Successful 1st Eastern Partners in Flight Meeting

The Eastern Working Group of Partners in Flight held a scoping meeting at the Nashville Zoo 24-25 April 2019. Thirty people from 25 different bird conservation organizations, partnerships, and working groups attended to explore the formation of an Eastern Working Group and to identify a small number of initial priorities the group could focus on. The meeting began with a series of short presentations that provided information on the current priorities, unaddressed needs, and challenges to implementation for bird conservation in Eastern Canada and the United States. One goal of the Eastern Working Group is to take advantage of working collaboratively across the full geography of Eastern birds, as has been productive for single-species working groups like the Golden-winged Warbler Working Group and an approach the PIF Western Working Group has enjoyed for 28 years. 

The meeting participants expressed positive support for moving ahead with the formation of a PIF Eastern Working Group. The initial structure for supporting further development of the Eastern Working Group will include a core leadership team, responsible for overall operation and coordination, along with three topical sub-teams to facilitate activities around the following priority topic areas:

  1. Full Annual Cycle Planning, including the development and implementation of conservation investment strategies that promote linkages between breeding, migration, and wintering habitats for eastern North American birds. Proposed initial activities include gathering current pieces from existing full annual cycle planning into a prospectus of concepts that we can present to both funders and future partners across the Western Hemisphere to initiate a dialogue about where these full annual cycle efforts should go next.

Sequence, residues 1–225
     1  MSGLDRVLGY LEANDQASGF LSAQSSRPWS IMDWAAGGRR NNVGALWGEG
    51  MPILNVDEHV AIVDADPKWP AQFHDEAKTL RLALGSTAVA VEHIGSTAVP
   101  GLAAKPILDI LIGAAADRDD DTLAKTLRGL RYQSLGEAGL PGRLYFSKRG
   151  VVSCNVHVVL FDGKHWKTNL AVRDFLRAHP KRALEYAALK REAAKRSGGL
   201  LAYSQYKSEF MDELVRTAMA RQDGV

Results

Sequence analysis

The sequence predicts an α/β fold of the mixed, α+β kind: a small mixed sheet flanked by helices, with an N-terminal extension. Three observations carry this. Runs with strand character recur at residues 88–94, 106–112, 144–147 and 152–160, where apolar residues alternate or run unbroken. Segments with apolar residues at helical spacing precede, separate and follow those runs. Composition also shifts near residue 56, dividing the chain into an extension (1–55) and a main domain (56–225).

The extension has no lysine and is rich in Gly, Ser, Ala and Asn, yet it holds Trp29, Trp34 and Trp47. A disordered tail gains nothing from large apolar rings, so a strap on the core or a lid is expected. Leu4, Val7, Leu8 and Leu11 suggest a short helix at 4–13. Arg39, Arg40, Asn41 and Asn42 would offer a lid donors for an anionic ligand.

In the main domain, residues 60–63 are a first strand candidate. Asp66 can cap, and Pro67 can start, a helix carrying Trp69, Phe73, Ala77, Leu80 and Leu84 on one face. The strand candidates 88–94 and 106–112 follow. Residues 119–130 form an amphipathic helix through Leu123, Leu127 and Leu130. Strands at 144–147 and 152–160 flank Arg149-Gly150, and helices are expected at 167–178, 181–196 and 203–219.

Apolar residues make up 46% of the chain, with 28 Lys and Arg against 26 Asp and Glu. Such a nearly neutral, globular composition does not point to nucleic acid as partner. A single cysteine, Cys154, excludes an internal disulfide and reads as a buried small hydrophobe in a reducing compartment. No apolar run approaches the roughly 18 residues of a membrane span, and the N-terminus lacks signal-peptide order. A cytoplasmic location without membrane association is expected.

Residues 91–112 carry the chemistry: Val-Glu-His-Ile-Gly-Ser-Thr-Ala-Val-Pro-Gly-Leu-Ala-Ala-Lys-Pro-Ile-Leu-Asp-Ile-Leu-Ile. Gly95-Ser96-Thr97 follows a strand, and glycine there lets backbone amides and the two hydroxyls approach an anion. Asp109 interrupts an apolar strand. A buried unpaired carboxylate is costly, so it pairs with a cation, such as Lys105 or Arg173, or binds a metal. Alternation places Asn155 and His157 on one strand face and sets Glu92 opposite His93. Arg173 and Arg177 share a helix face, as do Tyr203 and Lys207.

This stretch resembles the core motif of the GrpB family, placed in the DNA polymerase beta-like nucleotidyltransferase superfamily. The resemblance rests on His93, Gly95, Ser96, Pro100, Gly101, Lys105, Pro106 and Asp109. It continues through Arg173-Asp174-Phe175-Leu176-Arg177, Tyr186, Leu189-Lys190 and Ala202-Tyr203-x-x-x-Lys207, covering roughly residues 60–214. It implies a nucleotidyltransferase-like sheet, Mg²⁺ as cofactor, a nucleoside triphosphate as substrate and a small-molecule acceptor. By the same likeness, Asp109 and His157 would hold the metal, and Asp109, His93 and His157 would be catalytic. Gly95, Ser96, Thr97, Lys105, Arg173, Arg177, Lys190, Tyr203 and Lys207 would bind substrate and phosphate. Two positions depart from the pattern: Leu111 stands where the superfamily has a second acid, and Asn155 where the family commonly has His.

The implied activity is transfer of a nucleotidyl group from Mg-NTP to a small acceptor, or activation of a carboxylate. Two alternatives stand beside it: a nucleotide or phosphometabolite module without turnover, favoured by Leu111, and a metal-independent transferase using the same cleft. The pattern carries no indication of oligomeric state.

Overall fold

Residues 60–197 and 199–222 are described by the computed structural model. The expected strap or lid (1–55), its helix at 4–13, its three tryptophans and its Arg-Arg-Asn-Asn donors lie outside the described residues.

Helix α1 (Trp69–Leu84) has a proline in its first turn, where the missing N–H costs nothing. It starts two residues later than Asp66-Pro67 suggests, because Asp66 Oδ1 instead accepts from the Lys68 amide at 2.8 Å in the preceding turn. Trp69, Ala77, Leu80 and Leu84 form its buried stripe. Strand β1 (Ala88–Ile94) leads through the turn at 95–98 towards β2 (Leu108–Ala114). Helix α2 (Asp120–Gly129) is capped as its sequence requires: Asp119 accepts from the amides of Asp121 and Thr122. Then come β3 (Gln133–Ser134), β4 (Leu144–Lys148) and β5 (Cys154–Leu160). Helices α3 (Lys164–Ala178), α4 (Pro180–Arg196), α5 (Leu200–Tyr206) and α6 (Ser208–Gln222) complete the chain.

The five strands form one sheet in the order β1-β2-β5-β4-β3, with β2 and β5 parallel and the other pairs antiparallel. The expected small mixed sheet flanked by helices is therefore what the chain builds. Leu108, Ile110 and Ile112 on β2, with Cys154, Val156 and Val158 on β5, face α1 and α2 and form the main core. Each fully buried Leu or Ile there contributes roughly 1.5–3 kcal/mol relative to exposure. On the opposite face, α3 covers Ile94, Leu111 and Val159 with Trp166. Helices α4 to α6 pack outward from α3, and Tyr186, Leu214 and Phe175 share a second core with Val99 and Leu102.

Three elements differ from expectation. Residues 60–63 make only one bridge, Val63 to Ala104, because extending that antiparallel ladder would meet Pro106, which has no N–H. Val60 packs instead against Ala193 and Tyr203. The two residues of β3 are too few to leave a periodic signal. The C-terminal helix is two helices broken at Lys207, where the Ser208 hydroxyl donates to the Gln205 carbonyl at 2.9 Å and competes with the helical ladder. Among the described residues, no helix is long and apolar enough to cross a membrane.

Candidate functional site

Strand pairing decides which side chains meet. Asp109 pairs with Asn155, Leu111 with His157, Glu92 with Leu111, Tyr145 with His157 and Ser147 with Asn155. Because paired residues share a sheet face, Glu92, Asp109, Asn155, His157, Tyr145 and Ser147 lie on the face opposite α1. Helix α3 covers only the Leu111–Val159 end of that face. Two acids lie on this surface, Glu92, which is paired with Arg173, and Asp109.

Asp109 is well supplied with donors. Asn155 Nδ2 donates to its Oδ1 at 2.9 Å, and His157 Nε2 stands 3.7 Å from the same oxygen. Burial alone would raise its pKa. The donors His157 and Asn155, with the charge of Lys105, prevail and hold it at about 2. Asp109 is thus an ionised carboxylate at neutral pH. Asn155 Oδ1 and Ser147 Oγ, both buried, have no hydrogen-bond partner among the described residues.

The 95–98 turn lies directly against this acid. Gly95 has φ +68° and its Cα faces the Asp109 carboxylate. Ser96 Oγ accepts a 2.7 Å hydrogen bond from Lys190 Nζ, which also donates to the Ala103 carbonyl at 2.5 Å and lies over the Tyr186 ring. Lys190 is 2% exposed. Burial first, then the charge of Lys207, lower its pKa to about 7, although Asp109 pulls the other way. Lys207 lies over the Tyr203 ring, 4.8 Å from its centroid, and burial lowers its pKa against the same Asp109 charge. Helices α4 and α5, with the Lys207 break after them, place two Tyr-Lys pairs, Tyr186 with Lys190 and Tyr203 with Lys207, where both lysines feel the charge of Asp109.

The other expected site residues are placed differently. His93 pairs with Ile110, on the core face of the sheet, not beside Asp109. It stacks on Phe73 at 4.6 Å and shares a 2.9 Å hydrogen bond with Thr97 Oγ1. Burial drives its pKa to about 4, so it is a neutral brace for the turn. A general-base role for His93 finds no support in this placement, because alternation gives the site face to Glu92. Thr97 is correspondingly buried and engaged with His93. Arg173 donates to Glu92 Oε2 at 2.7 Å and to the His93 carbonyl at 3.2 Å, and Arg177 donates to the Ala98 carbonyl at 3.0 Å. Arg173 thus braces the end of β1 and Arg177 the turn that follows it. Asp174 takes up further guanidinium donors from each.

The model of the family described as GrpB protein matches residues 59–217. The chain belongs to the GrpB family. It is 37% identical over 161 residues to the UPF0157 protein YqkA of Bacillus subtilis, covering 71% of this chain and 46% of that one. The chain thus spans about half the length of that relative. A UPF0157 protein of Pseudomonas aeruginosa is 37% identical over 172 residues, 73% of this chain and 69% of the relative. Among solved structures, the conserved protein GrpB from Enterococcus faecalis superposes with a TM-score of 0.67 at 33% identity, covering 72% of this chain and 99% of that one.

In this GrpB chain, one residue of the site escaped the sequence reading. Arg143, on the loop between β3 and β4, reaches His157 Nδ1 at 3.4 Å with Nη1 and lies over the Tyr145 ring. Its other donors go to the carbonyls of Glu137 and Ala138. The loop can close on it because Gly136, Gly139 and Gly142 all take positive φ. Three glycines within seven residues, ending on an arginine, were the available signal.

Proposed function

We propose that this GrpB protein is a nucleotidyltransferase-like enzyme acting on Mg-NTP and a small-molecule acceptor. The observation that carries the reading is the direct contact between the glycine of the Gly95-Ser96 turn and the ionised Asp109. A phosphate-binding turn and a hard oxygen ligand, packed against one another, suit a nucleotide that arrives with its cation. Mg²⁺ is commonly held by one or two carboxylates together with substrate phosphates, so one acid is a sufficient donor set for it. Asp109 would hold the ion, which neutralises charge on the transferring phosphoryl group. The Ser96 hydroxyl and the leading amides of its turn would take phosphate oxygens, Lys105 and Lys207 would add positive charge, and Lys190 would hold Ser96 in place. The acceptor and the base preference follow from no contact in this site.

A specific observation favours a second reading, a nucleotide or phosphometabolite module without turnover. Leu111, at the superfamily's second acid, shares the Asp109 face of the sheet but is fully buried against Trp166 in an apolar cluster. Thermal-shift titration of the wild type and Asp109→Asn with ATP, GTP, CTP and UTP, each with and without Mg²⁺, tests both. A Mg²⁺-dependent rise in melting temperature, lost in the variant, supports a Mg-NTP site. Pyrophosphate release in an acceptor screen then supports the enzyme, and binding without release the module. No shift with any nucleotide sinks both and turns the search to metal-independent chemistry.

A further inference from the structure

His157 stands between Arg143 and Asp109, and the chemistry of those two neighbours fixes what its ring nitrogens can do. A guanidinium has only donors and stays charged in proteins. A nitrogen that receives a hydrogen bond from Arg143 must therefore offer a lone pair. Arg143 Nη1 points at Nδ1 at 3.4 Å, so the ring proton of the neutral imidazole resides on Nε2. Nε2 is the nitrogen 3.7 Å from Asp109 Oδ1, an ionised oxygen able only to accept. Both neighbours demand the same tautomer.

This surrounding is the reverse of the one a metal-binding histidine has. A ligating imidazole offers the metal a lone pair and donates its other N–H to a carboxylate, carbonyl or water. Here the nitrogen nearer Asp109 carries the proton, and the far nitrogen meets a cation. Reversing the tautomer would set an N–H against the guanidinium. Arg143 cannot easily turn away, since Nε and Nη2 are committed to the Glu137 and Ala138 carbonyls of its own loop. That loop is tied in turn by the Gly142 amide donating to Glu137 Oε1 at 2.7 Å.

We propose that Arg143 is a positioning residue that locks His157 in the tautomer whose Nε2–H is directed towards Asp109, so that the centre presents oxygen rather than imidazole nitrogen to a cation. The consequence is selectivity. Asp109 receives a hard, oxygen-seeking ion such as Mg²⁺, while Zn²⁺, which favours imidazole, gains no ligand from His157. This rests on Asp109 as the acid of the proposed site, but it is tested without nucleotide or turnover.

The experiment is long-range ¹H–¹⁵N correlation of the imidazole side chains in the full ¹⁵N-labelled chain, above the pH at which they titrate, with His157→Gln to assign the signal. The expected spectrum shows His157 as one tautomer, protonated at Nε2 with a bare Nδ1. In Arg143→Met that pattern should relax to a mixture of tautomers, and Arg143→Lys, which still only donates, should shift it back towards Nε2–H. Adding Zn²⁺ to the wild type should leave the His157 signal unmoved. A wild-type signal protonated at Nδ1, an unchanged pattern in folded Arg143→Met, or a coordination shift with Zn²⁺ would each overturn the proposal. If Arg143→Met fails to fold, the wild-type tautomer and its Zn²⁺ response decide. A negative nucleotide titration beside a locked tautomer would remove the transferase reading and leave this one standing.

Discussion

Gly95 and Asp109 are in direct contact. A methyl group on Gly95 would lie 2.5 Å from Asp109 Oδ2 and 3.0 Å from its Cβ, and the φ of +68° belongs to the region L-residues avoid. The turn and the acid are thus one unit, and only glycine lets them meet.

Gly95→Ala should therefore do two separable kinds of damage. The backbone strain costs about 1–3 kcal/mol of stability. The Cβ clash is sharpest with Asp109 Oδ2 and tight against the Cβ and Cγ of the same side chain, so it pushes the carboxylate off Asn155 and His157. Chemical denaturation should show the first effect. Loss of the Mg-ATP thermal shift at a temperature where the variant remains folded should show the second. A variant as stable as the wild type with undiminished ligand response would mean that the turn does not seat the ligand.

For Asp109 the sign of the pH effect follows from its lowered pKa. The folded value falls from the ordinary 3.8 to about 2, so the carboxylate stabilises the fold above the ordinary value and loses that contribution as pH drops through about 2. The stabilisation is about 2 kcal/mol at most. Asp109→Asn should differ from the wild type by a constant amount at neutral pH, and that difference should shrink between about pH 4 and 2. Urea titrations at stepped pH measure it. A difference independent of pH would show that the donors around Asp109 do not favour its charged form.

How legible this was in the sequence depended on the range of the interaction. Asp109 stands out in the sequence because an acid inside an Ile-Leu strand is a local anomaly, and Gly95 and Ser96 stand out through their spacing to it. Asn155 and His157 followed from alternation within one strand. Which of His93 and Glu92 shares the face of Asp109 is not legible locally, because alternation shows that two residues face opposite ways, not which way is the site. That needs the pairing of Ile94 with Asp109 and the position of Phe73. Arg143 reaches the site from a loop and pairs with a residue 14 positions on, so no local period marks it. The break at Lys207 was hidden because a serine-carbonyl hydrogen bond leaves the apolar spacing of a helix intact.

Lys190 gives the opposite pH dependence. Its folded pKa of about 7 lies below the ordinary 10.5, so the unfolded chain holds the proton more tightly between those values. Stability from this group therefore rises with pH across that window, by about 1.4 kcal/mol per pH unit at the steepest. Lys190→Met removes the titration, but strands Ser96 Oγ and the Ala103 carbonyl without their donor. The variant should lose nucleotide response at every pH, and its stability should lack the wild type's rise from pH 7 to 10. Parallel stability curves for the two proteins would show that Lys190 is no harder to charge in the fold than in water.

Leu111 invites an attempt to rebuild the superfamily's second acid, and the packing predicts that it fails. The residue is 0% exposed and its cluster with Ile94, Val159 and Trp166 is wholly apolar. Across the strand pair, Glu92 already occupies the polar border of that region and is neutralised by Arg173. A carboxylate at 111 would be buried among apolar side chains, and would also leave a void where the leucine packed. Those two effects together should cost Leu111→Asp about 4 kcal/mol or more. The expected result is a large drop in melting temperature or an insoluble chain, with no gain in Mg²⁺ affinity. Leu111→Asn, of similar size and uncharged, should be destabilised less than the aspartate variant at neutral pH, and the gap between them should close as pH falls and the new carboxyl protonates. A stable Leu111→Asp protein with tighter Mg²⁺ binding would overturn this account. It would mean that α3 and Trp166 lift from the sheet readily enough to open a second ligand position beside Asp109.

2. Data Management and Information Sharing (including coordinated monitoring). Initial activities could include facilitating an evaluation and analysis of the Avian Knowledge Network to identify sticking points and unmet needs. The PIF Eastern Working Group could also provide a forum for outreach around information sharing, translating data for public consumption, and highlighting emerging themes for conservation action.
  3. Science Delivery, with a focus on delivering knowledge about best practices to landowners and land managers in clear, easily understandable ways along with solutions for how they might be able to implement those practices. Initial activities could include integrating best management practices that create forest conditions to support bird populations – across species, across scales, across ownership and that enable delivery at large scales. Activities might also include the development of a clearinghouse for outreach materials that synthesizes and provides context for specific outreach needs and facilitates targeting audiences with the best information in appropriate formation.

Initial tasks for the leadership team include: i) coordinating initial communications about the outcomes of this meeting and directions for EWG to the broader bird conservation community, ii) establishing guiding principles for operations of and participation in the teams and EWG at large, and iii) exploring opportunities to bring on an Eastern Working Group coordinator through existing partner staff time and/or raising external funds. Each team will be reaching out for broader participation from the bird conservation community, so don’t be shy about getting in touch with the temporary contact person for any of the teams, including the core leadership team.

Photo: Dr. Randy Dettmers of USFWS received a PIF Leadership Award at the Eastern PIF meeting in Nashville, TN for his diligent efforts in the realm of bird conservation.